Workers by function
Number of workers
SDFParser, CML Reader & Writer
SMILES Parser, SMILES Writer
InChI Parser, InChI Generator
Insert Molecules Into Database, Read Molecules From Database
AtomCount & LargestChain
AtomHybridization & BondsToAtom
K-Means, ART 2-A Classification
Substructure Search, Reaction Enumeration
Iteration over large data sets
Cheminformatics by definition deals with the discovery of chemical knowledge from large data collections. Because these data sources are usually too large to be loaded into memory as a whole, it is needed to loop over all data entries to process them one by one. Unfortunately, the architecture of Taverna 1.7 does not support such loops. CDK-Taverna, therefore, provides workers which act like FOR or WHILE loops, making use of Taverna's iteration-and-retry mechanism to allow workflows to process large data sets.
For database support the CDK-Taverna project uses the PostgreSQL  relational database management system (RDBMS) with the open source Pgchem::tigress  extension. This combination allows storage and fast retrieval of up to a million molecules without running into memory limitations. The Pgchem::tigress extension uses an implementation of the Generalized Search Tree (GiST)  of the PostgreSQL database. CDK-Taverna can use a local installation of the PostgreSQL Database with the Pgchem::tigress extension or can connect to a remote instance.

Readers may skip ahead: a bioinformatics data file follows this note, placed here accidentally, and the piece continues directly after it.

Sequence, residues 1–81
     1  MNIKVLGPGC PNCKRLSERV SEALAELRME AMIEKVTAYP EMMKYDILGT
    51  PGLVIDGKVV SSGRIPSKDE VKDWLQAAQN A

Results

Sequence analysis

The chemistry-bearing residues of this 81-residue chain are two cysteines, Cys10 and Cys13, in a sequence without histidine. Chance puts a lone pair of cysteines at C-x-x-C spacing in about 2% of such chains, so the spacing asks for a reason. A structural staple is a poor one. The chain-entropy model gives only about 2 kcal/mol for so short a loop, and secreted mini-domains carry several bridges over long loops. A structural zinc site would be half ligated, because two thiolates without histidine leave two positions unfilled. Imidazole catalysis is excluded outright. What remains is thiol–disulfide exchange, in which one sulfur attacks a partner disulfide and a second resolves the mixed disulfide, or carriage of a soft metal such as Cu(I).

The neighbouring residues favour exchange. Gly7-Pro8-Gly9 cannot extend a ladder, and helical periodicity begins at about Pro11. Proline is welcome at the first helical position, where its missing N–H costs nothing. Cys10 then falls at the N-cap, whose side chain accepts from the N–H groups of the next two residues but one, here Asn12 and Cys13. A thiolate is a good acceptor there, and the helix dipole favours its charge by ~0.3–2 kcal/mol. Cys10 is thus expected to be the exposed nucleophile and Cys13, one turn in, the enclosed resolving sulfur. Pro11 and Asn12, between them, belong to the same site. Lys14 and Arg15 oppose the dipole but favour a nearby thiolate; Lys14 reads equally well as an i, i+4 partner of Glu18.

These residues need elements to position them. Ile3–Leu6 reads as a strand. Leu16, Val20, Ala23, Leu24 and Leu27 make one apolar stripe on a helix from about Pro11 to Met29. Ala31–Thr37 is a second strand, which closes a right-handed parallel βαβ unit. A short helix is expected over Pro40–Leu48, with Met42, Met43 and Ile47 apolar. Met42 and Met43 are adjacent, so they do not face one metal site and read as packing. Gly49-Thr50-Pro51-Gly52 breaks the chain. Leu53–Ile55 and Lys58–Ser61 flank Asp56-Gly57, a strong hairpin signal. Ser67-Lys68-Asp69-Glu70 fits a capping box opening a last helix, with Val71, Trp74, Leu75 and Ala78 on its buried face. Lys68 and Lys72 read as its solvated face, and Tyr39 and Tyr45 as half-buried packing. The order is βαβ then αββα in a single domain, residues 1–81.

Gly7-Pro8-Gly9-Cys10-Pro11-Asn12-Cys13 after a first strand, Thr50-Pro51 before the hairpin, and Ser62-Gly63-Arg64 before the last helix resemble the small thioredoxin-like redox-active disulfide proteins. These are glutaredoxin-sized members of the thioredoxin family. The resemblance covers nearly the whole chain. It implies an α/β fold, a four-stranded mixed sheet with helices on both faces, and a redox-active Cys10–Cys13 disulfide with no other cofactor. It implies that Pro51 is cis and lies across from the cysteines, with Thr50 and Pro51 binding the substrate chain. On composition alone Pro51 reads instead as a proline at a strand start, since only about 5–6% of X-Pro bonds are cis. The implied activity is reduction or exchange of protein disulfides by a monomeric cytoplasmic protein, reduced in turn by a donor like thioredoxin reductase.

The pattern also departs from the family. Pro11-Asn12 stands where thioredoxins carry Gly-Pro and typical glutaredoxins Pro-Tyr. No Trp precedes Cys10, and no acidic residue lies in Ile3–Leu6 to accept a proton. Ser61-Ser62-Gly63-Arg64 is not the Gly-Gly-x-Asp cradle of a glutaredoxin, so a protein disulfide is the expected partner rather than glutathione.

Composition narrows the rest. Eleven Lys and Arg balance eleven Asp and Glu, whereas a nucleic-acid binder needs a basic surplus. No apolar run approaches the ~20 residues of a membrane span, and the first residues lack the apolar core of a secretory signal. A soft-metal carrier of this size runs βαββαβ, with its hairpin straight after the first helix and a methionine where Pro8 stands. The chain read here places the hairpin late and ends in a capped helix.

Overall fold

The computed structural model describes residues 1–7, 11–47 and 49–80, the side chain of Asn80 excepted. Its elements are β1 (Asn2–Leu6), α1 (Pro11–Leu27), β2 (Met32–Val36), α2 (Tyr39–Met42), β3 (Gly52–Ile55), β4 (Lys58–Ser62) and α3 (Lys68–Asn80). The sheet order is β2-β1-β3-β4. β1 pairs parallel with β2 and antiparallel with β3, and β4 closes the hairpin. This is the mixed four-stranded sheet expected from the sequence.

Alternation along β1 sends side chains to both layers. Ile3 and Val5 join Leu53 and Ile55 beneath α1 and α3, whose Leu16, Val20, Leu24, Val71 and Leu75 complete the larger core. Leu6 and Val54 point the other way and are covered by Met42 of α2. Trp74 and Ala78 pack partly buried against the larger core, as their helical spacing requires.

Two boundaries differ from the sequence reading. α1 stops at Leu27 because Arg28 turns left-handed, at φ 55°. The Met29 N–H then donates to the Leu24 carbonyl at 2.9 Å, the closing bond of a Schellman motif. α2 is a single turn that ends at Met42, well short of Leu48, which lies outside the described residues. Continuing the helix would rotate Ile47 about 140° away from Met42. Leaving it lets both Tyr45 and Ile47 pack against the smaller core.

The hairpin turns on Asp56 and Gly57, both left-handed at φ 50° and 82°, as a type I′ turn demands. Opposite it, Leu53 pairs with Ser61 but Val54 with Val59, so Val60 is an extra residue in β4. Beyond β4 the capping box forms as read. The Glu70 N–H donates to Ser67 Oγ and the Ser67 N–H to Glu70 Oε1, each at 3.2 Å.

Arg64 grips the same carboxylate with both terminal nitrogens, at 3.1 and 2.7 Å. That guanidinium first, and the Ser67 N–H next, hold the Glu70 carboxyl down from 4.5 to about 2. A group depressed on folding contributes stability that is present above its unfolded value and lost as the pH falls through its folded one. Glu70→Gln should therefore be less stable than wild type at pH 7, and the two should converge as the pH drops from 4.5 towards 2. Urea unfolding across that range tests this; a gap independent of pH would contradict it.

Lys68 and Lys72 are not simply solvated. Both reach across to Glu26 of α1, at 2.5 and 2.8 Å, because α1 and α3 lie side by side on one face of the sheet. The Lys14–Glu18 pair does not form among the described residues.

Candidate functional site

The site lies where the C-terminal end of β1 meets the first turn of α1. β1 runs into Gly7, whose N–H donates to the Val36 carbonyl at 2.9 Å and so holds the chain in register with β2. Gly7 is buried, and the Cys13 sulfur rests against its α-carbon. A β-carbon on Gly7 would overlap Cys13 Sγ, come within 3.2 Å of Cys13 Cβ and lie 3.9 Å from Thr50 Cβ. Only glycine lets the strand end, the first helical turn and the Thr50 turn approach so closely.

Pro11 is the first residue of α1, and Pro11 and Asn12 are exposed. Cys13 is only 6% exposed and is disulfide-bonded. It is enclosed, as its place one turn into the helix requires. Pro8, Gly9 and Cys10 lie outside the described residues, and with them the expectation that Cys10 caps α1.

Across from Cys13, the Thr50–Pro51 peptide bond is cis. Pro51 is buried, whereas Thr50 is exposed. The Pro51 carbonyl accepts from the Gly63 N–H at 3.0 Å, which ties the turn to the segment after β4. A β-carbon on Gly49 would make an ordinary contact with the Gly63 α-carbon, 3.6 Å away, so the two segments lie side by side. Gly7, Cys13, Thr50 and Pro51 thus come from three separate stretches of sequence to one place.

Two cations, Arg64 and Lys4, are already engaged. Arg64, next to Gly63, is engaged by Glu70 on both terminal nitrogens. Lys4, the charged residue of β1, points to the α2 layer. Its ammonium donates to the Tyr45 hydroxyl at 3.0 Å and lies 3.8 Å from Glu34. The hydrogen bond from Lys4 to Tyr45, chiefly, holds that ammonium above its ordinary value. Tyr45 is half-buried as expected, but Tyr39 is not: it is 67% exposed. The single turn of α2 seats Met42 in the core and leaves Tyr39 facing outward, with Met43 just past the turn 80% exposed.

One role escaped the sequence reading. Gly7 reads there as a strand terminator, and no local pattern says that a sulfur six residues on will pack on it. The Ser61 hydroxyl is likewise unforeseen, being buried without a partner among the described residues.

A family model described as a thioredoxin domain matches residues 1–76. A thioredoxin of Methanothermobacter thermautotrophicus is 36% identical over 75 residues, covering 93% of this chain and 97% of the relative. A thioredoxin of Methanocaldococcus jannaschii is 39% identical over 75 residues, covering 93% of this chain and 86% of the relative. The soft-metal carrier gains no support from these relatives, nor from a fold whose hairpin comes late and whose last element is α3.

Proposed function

Scenario 1: Substructure Search
Scenario 2: Descriptor Calculation
Scenario 3: Iterative Descriptor Calculation
Scenario 4: Validation of CDK Atom Types
Scenario 5: Reaction Enumeration
Markush structures are chemical drawings which represent a series of molecules by indicating locations where differences occur. These locations are marked as Heterocyclic, Alkyl, or identified by an R group, enumerating a series of possible groups, such as Methyl, Isopropyl, and Pentyl. Markush structures are commonly used in patents for describing whole compound classes and are named after Eugene A. Markush who described these kind of structures firstly in his US patent in the 1920s.